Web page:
Docstoc

GUN-RELATED MURDER SHOULD BE JUDGED AS EVIL AND PUNISHED APPROPRIATELY

Document Sample
GUN-RELATED MURDER SHOULD BE JUDGED AS EVIL AND PUNISHED APPROPRIATELY Powered By Docstoc
					Back to Merit VS Equity in Higher Education                                         Home Page

UTB12JunM.doc


University of Toronto Bulletin 20
Monday, June 12, 2006


                Gun-Related Murder Should Be Judged As Evil
                        And Punished Appropriately

      I am surprised that George Dei, a professor of sociology, appears to be reluctant to
recognize as a sociological, statistical fact that recently in Toronto, blacks compared with
whites (his own terms) have been markedly over-represented when it comes to perpetrating
murders with guns (Speaking Out, Differently, May 29). Another statistical fact is that because
most of the victims of these black murderers have themselves been black, black-on-black
violence in Toronto is also overrepresented compared with white-on-white violence. This
removes much of the irony from Professor Dei’s student’s remark about the necessity to
investigate and pay as much attention to white-on-white violence as to (the recently
increasing) black-on-black violence. Moreover, another reason for the media to focus more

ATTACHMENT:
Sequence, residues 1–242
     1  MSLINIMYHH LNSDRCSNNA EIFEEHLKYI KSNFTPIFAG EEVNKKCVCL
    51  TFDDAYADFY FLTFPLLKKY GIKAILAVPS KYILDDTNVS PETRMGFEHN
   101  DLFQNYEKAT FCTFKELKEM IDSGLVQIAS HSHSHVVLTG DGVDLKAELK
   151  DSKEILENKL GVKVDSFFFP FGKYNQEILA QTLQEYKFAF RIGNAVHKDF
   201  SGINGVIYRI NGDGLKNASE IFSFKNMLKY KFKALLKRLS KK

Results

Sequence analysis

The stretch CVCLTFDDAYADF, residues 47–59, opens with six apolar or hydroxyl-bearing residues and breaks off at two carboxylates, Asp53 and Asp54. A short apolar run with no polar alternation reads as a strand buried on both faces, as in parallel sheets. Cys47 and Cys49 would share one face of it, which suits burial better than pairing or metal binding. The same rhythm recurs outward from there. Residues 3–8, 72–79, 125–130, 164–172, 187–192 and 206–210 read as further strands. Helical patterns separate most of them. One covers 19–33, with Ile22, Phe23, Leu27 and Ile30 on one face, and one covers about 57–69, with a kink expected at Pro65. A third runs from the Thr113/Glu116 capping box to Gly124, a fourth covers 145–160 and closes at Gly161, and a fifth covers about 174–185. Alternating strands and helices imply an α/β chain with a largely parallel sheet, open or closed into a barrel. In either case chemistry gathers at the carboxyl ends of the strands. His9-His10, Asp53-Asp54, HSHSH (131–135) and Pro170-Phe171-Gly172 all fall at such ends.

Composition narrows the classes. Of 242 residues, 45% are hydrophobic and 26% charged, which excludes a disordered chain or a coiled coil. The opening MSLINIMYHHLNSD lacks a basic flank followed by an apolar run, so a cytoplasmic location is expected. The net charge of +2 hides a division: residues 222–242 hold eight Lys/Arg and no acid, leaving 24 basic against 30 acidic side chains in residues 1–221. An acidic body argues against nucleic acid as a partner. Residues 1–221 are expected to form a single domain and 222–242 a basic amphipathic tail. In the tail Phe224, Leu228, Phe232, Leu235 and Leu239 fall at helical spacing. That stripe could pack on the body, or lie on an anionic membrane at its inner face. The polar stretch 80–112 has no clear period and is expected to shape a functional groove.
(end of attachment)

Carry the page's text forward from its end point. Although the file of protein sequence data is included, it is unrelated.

attention on black-perpetrated violence is that, at least according to the police, it is much
more difficult to gather witness testimony for black-perpetrated than for white-perpetrated
violence. These are all statistical facts that I (whose specialty is psychology, not sociology)
would expect specialists in the discipline of sociology to be interested in both observing and
explaining in terms of testable hypotheses.

      Professor Dei is also described as a professor of equity studies. I am not only not a
specialist in this field but also doubt whether it is a genuine academic discipline in the sense
that sociology and psychology are disciplines. However, I think both supporters and
opponents of equity studies know that this approach advocates the differential (beneficial)
treatment of individuals in certain designated groups when it comes to such matters as
competitions for tenure-stream faculty positions.

      It seems to me that logic requires that if group characteristics are used to advantage
individuals, then it is only fair that group characteristics be used to disadvantage individuals.
So it would seem necessary for those favouring the equity-studies approach to apportion a
certain amount of blame to all black individuals in Toronto for the statistical fact that black
violence has been overrepresented recently in this city.

     Of course those not committed to equity studies but to an approach that, in my view,
embodies genuine fairness, do not have these logical difficulties. For them, tenure-stream
competitions should be judged only in terms of merit (a position taken by the Society for
Academic Freedom and Scholarship: http://www.safs.ca) and gun-related murder should be
judged as evil and punished appropriately, no matter what the melanin content of the
murderer’s skin may be.

John Furedy, Psychology

Web Reference: http://www.news.utoronto.ca/bin6/thoughts/060612-2393.asp

				
DOCUMENT INFO